|A Comparison of Self-Evaluating State Reporting Systems (International Committee of the Red Cross , 1995, 63 p.)|
|CHAPTER 2. MONITORING OF UNITED NATIONS CONVENTIONS ON HUMAN RIGHTS|
Within the United Nations framework, there are several International Human Rights Conventions. To supervise, investigate and monitor the implementation of the provisions of international legal instruments and standards, several mechanisms are used, both treaty-based and non-treaty-based. This paper deals only with treaty-based mechanisms. These are:
(a) reporting procedures;
(b) inquiry procedures;9
(c) inter-state complaints;10
(d) communications procedures.11
9 The Convention against Torture has an optional inquiry procedure under Article 20. If it appears to the Committee that torture is being systematically practised in the territory of a State, the Committee invites that State to cooperate in its examination of the information and, to this end, the Committee may designate one or more of its members to make a confidential inquiry, which may include a visit to its territory, and hearing of witnesses. The findings are submitted to the Committee, which transmits them, together with its own comments or suggestions, to the State party. The Committee may also decide to request additional information, either from the representatives of the State concerned or from governmental and non-governmental organizations, as well as individuals, for the purpose of obtaining further elements on which to form an opinion. It invites that State to inform the Committee of actions it has taken with regard to the Committees findings. After all the proceedings regarding an inquiry have been completed, the Committee may decide to include a summary account of the results of the proceedings in its annual report. Only at that stage is the work of the Committee made public. An inquiry was conducted on Turkey. The procedure was started on the basis of an Amnesty International report. At present another inquiry procedure has been initiated.
10 Three instruments provide for an inter-state complaints procedure according to which States parties recognize the competence of a Committee to receive and consider communications from a State party claiming that another State party is not fulfilling its obligations under the instrument concerned: (a) the International Covenant on Civil and Political Rights, Article 41 (optional); 43 States have made the declaration; (b) the Convention on the Elimination of All Forms of Racial Discrimination, Articles 11, 12 and 13 (obligatory); (c) the Convention Against Torture and Other Cruel, Inhuman or Degrading Treatment or Punishment, Article 21 (optional); 36 State parties have made the declaration. To date, these procedures have not yet been resorted to.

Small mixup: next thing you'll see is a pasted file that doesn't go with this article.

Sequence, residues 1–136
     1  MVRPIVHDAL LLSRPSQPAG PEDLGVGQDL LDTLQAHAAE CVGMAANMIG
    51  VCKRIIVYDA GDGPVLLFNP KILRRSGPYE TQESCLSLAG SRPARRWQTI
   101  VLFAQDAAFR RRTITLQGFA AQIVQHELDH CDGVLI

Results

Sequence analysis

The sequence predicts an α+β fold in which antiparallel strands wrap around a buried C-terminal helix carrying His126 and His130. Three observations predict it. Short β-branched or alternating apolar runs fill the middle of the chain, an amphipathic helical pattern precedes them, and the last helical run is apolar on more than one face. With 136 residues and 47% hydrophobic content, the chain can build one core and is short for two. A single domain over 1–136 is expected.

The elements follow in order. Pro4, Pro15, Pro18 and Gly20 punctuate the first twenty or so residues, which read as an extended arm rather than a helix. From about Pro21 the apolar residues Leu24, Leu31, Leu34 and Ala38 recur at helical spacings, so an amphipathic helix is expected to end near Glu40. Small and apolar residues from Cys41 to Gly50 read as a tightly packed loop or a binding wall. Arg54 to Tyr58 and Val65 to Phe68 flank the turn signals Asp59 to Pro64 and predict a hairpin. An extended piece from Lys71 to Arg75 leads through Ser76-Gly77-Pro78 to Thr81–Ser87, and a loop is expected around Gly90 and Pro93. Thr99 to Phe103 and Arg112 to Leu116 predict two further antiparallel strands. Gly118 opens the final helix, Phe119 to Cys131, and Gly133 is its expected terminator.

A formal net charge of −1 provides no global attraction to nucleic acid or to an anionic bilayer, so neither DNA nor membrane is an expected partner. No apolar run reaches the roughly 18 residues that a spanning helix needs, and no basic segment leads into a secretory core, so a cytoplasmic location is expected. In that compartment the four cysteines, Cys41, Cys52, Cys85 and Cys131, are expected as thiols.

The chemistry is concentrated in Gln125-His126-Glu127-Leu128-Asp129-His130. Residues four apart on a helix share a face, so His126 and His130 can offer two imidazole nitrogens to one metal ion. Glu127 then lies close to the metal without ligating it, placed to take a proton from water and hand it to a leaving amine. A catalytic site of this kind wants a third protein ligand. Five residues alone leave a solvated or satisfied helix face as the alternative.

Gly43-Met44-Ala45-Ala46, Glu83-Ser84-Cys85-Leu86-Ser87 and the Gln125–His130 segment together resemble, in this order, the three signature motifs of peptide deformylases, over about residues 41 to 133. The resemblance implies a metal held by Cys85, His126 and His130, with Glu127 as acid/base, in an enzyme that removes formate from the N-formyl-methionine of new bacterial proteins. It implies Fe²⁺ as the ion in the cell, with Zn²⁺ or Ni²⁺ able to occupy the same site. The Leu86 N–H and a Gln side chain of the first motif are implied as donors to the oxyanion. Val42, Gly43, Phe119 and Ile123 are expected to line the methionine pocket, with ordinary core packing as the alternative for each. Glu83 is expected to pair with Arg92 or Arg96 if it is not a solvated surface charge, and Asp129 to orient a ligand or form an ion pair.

11 The communications procedure is optional under the First Optional Protocol to the Covenant on Civil and Political Rights, under Article 14 of CERD and under Article 22 of CAT (35 States accepted). A fourth procedure is envisaged under Article 77 of the Migrant Workers Convention, which is not yet in force. Individuals subject to the jurisdiction of States parties can complain to the Committee on the violations of their rights. The Communications Branch of the United Nations Centre of Human Rights makes a preliminary analysis of the Communication to decide to which Committee the communication should be submitted. Communications complaining only of torture or racial discrimination are more rare. Most complaints contain an element of civil and political rights. For that reason, most complaints are directed to the Human Rights Committee.
The five United Nations Conventions on Human Rights, with State reporting procedures and a secretariat in Geneva, which will be treated in this paper are:
1. the International Covenant on Civil and Political Rights and its Optional Protocol (HRC);
2. the International Covenant on Economic, Social and Cultural Rights (CESCR);
3. the Convention on the Rights of the Child (CRC);
4. the Convention on Elimination of All Forms of Racial Discrimination (CERD);
5. the Convention Against Torture and Other Cruel, Inhuman or Degrading Treatment or Punishment (CAT).
Three Conventions will not be discussed extensively in this paper. The Convention of Elimination of All Forms of Discrimination Against Women (CEDAW), whose secretariat is in New York. The International Convention on the Suppression and Punishment of the Crime of Apartheid hardly functions, and in Chapter 9 a lesson is drawn from it. The Convention on the Protection of the Rights of All Migrant Workers and Members of Their Families has not yet entered into force.